Ning, Wanchen
2020
English
Universitätsbibliothek der Ludwig-Maximilians-Universität München
Ning, Wanchen (2020): Effects of omentin-1 (intelectin-1) on the inflammatory reaction of oral keratinocytes upon stimulation with Porphyromonas gingivalis. Dissertation, LMU München: Faculty of Medicine
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Abstract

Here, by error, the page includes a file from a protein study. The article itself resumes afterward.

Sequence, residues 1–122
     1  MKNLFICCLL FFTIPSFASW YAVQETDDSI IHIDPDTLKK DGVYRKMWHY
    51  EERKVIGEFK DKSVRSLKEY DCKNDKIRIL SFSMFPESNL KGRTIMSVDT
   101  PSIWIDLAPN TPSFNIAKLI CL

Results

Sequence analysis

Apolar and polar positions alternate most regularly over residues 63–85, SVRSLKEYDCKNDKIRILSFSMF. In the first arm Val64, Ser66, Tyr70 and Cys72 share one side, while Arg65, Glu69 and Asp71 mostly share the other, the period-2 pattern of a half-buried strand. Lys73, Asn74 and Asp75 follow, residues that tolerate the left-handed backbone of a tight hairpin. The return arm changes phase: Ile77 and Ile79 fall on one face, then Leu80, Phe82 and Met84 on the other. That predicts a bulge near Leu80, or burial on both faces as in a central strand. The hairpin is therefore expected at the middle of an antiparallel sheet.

Background: Periodontal disease is complex and multifactorial in nature resulting in the progressive loss of tooth-supporting tissues. It arises from an imbalance between a dysbiotic plaque microbial community and the combating host defense mechanisms, leading to persistent and destructive local inflammation. Anti-inflammatory molecules may limit periodontal disease. Increasing evidence suggests that periodontitis is associated with obesity and related metabolic diseases. Omentin, an adipokine, has demonstrated anti-inflammatory properties. Omentin levels in gingival crevicular fluid (GCF) are decreased in periodontitis patients with obese or type 2 diabetes. Periodontal pathogens, in particular, Porphyromonas gingivalis (P. gingivalis), bear multiple virulence factors, which aid in evading host defenses and elicit inflammatory responses leading to periodontal destruction. A key virulence strategy is the targeting and invasion of host epithelial cells. The current study aimed to investigate how omentin modulates the inflammatory responses in human oral epithelial (BHY) cells elicited by exposure to P. gingivalis and its lipopolysaccharide (LPS). Methods: Oral epithelial BHY cells were used as an experimental model. Cells were infected with P. gingivalis/Escherichia coli (E. coli) or stimulated with their respective LPSs in independent experiments, followed by omentin treatment for durations up to 48 h. Increasing concentrations of omentin (50-200ng/ml) were used to treat LPS challenged cells. Real-time PCR and ELISA were used to quantify the effects of omentin on gene expression and pro- / anti-inflammatory mediator protein levels, and the levels of Toll-like receptors (TLR) 2 and 4. Results: P. gingivalis and E. coli infection each significantly up-regulated mRNA levels of pro-inflammatory cytokines; interleukin (IL) -1β, IL-6, tumor necrosis factor-α (TNF-α), and toll receptors (TLR)-2/4, while down-regulating anti-inflammatory fac-tors IL-13 and IL-25. Omentin significantly attenuated these stimulatory effects, attenuating bacterial infection-induced IL-1β, IL-6, TNF-α, and TLR-2/4 mRNA expression levels, while increasing IL-13 and IL-25. Similarly, significant but dose-dependent effects of omentin on counteracting LPS-induced increases in IL-1β, IL-6, TNF-α, and TLR-2/4 were noted, while it improved anti-inflammatory IL-10 levels. In a pleiotropic finding, omentin stimulated higher levels of pro-inflammatory cytokines under no microbial challenge. Conclusion: Our study demonstrated that omentin successfully attenuated pro-inflammatory cytokine production and TLR activation in bacteria/LPS challenged oral epithelial cells but was pro-inflammatory when applied to non-challenged cells. These findings support a premise that in presence of a microbial/LPS challenge, omen-tin aids epithelial barrier integrity, primarily performing an anti-inflammatory function that may counter local inflammation in periodontitis, similar to its role noted in other immune-inflammatory conditions.